After the adoption is finalized, will I ever be able to see my child?
In an open adoption, contact among the child and adoptive and birth parents is maintained on an ongoing basis.
However, if you arranged a closed or semi-closed adoption, you may initiate contact with your child when he/she reaches 18 years of age.
In Ontario, there is an Adoption Disclosure Register in the office of the adoption coordinator in the Ministry of Children and Youth Services. When the adopted child is 18 yrs. old, he/she may register with the Register to access post-adoption information.
The birth parents may also register after their adopted child is 18 for post-adoption information. Both birthparent and child must be entered in the Register in order for contact to be possible and for each party to select how they would like to be contacted. The adoptive parents are advised of the Register during their home study process so they will be aware that this is possible after the child's 18th birthday. For further information about the Register, contact www.ontario.ca/en/residents/111872 or call 1800-461-2156.
What if I need someone to talk to after the child is placed?
You may need support for a period of time after placement. You may be sorting out a variety of feelings and emotions as well as needing some practical assistance. Some examples of counselling issues for birthparents are: maintaining the relationship with their child and the adoptive parents, getting comfortable with your role as birthparent, preparing for the first visit with your child in the adoptive parents’ home and re-connecting with work or school or your social network. ARCS provides counseling for you until the adoption is finalized. This is usually a nine-month period (after placement). If further counseling is needed, your adoption worker can help you connect with a counselor in your area.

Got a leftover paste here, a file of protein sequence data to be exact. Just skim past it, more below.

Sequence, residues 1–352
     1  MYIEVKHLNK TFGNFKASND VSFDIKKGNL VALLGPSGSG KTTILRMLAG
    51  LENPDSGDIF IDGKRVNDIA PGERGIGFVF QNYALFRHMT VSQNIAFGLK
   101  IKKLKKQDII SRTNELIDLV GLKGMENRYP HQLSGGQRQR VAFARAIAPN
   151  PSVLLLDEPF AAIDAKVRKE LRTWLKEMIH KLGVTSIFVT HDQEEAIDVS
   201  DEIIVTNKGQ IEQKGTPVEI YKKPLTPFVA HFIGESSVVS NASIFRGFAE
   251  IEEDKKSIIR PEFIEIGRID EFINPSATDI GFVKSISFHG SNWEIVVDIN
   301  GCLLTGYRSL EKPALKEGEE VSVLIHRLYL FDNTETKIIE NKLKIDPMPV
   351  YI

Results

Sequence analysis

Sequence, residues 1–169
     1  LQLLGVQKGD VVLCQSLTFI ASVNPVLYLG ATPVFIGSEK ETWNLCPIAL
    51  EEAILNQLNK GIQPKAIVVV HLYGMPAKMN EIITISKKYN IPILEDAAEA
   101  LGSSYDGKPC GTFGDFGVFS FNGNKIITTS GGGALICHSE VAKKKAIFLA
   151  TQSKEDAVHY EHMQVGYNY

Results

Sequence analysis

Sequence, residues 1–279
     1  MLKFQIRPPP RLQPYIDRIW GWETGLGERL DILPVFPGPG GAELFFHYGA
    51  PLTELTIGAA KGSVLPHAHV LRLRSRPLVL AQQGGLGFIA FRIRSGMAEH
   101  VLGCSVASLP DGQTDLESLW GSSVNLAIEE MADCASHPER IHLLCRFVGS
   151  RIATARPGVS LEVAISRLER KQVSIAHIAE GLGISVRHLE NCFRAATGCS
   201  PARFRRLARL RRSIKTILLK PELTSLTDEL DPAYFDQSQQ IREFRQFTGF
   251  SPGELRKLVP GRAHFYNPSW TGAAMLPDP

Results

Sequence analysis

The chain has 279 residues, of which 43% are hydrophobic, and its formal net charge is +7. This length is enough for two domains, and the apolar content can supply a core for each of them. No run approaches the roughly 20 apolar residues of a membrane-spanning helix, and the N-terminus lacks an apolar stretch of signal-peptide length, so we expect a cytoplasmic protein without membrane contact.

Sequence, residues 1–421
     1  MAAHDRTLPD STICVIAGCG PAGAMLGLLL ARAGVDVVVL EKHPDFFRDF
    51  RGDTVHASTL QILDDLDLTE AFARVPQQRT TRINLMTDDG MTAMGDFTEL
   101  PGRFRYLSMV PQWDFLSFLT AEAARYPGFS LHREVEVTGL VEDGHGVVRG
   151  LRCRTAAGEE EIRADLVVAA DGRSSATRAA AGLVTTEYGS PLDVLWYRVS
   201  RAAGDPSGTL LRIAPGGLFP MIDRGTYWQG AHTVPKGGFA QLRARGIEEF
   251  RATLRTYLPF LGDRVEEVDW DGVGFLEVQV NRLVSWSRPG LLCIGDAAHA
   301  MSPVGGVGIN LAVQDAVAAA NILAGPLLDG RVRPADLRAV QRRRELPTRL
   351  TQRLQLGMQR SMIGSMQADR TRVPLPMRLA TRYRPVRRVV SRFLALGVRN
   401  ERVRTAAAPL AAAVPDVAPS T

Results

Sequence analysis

So do you have to have a counsellor? Do I have to receive counselling?
You are not required to receive counselling when you place a baby for adoption. However, there are various forms that must be completed. In order to complete these forms, you will be assigned an adoption worker. The primary goal of this adoption worker is to help you complete the forms and to educate you about the adoption process.
ARCS also offers each birthparent the opportunity to receive counselling. Sometimes, your adoption worker is also a counsellor. You may want to continue working with this person in a counselling capacity. ARCS also gives you the option of working with a family therapist/counselor, whose focus is grief and loss issues and one that has not been involved in the adoption process.
You will have a choice of recieving or not receiving counselling and the choice of working with your adoption worker/counselor or a grief and loss therapist.